Sting Like a B: The Rebirth of the Griffin

North Korea has recently been a synonym for trouble, given the international situation. However, there is a town in the very heart of Italy that may not fully agree with this definition.

That town is Perugia, capital of Umbria, the only region in the center of Italy to have no border on the sea. You might have heard of Perugia for its chocolate, and its closeness to Assisi – the birth place of Saint Francis. However, this town has also been a place where football was played at great levels, until 2005. It suffices to mention great champions like Marco Materazzi and Fabio Grosso to let the memory travel to glorious years. These times, however, are far away. A sequence of unfit managers wrote the sad destiny of the club, and left it relegated far from important stages.

Nowadays, Perugia is on a quest to sprout again from its ashes, a walk that started from the rough pitches of the Italian outskirts and continues to Pyongyang. As a matter of fact, one of the most prominent players that Grifoni – the nickname of the club, namely “griffins” – can rely on is Han Kwang-Song – or just Han for the supporters – a 19-year-old guy on loan from Cagliari, which bought him last spring from Chobyong Sports Club.
But tonight, Perugia’s quest has another great glory on its path. A team that made history not only in Italian football, but also in the whole European continent: Parma Calcio 1913.

Parma also comes from a troubled past. After a disastrous 2014-15 Serie A season, the club went bankrupt and was relegated to the Serie D, the top level of Italian non-professional football. In only 2 years, Parma rolled up its sleeves and won every championship on the way (Serie D and Lega Pro), before attaining the Serie B, with the ambitious goal of reaching Serie A and live there happily ever after.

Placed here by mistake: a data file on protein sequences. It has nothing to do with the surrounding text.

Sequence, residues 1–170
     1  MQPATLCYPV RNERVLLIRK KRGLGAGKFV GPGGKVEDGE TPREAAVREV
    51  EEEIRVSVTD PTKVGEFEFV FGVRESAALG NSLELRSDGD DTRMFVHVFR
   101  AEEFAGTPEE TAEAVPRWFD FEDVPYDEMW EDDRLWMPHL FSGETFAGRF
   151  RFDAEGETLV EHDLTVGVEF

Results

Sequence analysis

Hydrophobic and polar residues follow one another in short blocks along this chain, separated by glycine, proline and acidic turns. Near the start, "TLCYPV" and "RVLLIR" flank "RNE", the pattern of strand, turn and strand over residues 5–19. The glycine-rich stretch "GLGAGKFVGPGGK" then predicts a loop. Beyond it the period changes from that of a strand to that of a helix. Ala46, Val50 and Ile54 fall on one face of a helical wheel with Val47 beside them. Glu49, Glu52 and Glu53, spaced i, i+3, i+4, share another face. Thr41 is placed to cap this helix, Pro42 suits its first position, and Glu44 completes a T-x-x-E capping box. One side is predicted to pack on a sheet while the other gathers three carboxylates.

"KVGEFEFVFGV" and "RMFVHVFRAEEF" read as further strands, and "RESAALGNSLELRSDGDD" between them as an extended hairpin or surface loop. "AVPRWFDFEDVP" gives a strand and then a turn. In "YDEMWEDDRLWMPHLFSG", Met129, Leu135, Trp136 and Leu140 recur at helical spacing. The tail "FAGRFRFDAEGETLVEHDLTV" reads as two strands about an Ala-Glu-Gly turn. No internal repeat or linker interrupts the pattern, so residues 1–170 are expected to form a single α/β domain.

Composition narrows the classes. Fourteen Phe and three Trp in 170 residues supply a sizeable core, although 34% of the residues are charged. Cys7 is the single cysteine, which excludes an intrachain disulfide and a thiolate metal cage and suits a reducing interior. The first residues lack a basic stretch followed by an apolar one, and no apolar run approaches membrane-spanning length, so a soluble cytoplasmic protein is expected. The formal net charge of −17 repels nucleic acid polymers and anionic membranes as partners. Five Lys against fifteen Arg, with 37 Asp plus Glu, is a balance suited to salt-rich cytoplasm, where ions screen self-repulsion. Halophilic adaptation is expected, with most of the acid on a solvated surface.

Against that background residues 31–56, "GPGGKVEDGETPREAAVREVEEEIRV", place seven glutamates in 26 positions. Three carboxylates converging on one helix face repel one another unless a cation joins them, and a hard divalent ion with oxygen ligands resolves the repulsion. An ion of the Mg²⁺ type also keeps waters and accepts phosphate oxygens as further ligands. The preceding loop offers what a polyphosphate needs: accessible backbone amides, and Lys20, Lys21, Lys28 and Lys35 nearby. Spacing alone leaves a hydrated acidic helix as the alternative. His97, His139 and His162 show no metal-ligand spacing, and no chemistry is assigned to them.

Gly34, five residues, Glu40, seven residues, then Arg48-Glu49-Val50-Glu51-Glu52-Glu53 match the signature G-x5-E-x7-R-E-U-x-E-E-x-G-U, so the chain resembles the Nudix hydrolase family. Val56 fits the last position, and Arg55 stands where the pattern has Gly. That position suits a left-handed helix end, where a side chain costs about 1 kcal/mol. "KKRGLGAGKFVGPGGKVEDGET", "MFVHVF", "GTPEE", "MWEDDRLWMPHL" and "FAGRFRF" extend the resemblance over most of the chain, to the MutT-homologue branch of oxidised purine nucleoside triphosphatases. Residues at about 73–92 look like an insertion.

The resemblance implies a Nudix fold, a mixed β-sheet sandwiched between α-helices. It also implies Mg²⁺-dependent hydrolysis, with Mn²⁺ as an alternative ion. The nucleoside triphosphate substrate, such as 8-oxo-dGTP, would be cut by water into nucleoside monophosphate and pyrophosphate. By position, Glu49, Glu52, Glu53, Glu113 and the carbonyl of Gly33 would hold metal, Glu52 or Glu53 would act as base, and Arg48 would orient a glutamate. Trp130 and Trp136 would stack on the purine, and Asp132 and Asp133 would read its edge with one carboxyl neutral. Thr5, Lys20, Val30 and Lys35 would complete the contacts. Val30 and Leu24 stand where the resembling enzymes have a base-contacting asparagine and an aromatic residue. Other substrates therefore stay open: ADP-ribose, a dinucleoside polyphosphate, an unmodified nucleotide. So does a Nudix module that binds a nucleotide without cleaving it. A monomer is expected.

The last match between the two teams is dated February 1st, 2004, when both sides used to play in Serie A, and the scoresheet carried important players like Alberto Gilardino, Dario Hubner, Jonathan Zebina and Domenico Morfeo. The match we’ve seen at the Renato Curi stadium, however, carries less renowned names, but still guarantees a high level of appreciation.

It starts with a minute of silence to remember the victims of the landslide occurred in Livorno a few days before the match. Five minutes later, Perugia is already clarifying who will lead the match: Samuel Di Carmine runs through Parma defense as he was just slaloming between poles, and kicks the ball not so far from the left side of the goal defended by Pierluigi Frattali.

When the clock hits the 18th minute, Marko Pajač is running on the left side of Parma box, and crosses trying to find the header of some team mate. Cristian Bonaiuto is too far from the goal, but tries to kick the ball in anyways. Frattali bounces it back, but not too far. Han can easily correct the ball trajectory in the goal. Grifoni supporters explode in celebration as the Pyongyang guy is reaching the border of the pitch to join the party.

Fifteen minutes later, it is clear to everyone that this will be a one-way match. Parma loses the ball in the midfield, and Perugia counterattacks with Bonaiuto, who serves Han in the box. The North-Korean striker tries to pass it to Di Carmine, as Frattali had left the goal undefended, but the cross is too high for him.